For his second pic, Toronto-based helmer Clement Virgo has again crafted a distinctive, poetic snapshot of folks struggling to get by in the inner city, but “The Planet of Junior Brown” is a much less satisfying effort than “Rude,” Virgo’s debut. Though the new pic has an original, beautiful look and some dynamite performances, the muddled story is only occasionally captivating.
Some festival and TV programmers may want to make the trip to this cinematic planet, but the film is not going to rocket into prolonged theatrical orbit.
Junior Brown (Martin Villafana) is one unhappy camper, a piano prodigy who’s having a devil of a time finding ivories to tinkle. His overprotective mother (Lynn Whitfield) has cut all the strings on the family piano, and things are not much cheerier or more musically gratifying at the home of his piano teacher, Miss Peebs (Margot Kidder). This ultra-paranoid character won’t let him touch her keyboard, so he has to use his considerable imagination and practice on her dining-room table. If those obstacles aren’t enough, the local piano store refuses to allow him to try out the merchandise.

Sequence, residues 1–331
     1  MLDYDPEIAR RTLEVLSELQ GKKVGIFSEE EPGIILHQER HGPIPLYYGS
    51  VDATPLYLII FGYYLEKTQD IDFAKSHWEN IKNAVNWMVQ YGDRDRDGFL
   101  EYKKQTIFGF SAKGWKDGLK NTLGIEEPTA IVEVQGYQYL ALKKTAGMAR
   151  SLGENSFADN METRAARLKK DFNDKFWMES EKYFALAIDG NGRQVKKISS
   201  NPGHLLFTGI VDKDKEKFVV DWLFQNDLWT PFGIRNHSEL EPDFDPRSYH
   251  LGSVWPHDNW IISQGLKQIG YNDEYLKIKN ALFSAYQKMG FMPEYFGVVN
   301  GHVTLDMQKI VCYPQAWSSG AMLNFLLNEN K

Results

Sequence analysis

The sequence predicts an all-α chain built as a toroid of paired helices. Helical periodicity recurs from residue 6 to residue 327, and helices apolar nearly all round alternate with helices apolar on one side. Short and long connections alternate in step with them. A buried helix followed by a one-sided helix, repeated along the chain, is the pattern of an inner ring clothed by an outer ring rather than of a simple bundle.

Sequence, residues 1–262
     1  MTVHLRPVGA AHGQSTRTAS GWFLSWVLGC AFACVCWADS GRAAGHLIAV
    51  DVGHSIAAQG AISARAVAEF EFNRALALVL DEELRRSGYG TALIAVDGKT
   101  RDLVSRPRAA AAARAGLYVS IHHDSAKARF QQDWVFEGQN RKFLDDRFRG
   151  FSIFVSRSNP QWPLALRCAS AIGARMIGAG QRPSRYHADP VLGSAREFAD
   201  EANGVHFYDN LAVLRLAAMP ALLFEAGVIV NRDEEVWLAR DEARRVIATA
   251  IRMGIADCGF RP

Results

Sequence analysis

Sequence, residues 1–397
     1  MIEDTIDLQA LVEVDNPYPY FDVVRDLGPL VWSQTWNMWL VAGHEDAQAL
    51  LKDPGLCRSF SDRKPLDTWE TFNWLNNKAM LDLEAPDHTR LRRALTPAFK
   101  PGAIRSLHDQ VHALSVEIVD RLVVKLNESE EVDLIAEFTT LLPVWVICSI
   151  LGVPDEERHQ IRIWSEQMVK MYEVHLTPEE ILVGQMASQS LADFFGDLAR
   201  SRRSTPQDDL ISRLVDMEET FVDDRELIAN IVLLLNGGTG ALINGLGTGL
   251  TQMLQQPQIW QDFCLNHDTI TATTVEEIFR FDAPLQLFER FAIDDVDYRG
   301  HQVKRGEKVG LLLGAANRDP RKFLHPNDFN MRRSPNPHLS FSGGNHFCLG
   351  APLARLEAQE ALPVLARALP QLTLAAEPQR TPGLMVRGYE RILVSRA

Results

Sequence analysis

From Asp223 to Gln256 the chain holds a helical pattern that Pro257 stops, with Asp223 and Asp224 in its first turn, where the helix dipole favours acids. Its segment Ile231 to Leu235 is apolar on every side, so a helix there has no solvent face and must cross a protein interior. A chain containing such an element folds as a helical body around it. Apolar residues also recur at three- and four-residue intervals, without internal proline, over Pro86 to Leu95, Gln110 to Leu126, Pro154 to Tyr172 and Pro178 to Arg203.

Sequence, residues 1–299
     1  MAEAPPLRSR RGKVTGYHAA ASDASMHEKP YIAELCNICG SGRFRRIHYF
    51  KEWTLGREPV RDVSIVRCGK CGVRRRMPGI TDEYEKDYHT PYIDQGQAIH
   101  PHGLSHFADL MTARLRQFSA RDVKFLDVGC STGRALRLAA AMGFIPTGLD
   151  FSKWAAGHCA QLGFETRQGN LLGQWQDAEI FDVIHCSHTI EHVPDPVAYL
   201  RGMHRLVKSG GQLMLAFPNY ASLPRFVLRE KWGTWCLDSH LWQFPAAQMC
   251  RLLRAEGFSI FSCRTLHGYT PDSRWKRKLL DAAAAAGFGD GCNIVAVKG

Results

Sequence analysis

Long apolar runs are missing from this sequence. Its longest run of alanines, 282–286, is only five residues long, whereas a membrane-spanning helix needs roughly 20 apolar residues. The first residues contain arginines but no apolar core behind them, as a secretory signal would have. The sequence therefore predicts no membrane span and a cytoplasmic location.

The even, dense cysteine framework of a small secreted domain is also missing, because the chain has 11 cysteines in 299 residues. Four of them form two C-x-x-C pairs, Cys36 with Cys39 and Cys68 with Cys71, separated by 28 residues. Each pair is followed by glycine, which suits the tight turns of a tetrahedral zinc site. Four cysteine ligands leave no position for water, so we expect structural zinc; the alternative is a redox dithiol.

In short, Junior is just a couple of Chopin numbers away from losing his grasp on sanity. Keeping him on this side of madness are his best friend, Buddy Clark (Rainbow Sun Francks), a troubled guy who lost his family in a fire when he was very young, and the strange school janitor, Mr. Pool (Clark Johnson), who, with Buddy’s help, has built an elaborate model of the solar system in the school basement.
Virgo builds a richly textured, almost Dickensian mood with his oddball cast of subcultural characters, but there is a disappointing lack of dramatic development in the script, which doesn’t resolve the story of Junior’s many frustrations in any meaningful or convincing fashion.
The best thing here is the uniformly strong cast, especially newcomer Villafana. He is a standout as the overweight, overwhelmed title character, conveying just the right mix of vulnerability and shy charm. Whitfield also gives a multilayered perf as Junior’s wacky mom, and Sarah Polley is gritty as the streetwise runaway teen who’s going out with Buddy.
Virgo, lenser Jonathan Freeman and production designer Alicia Keywan have given the pic an unusual look that’s half dreamy, half grainy, cinema verite realism. Music is heavy on classical piano tracks, notably Chopin’s Prelude No. 4.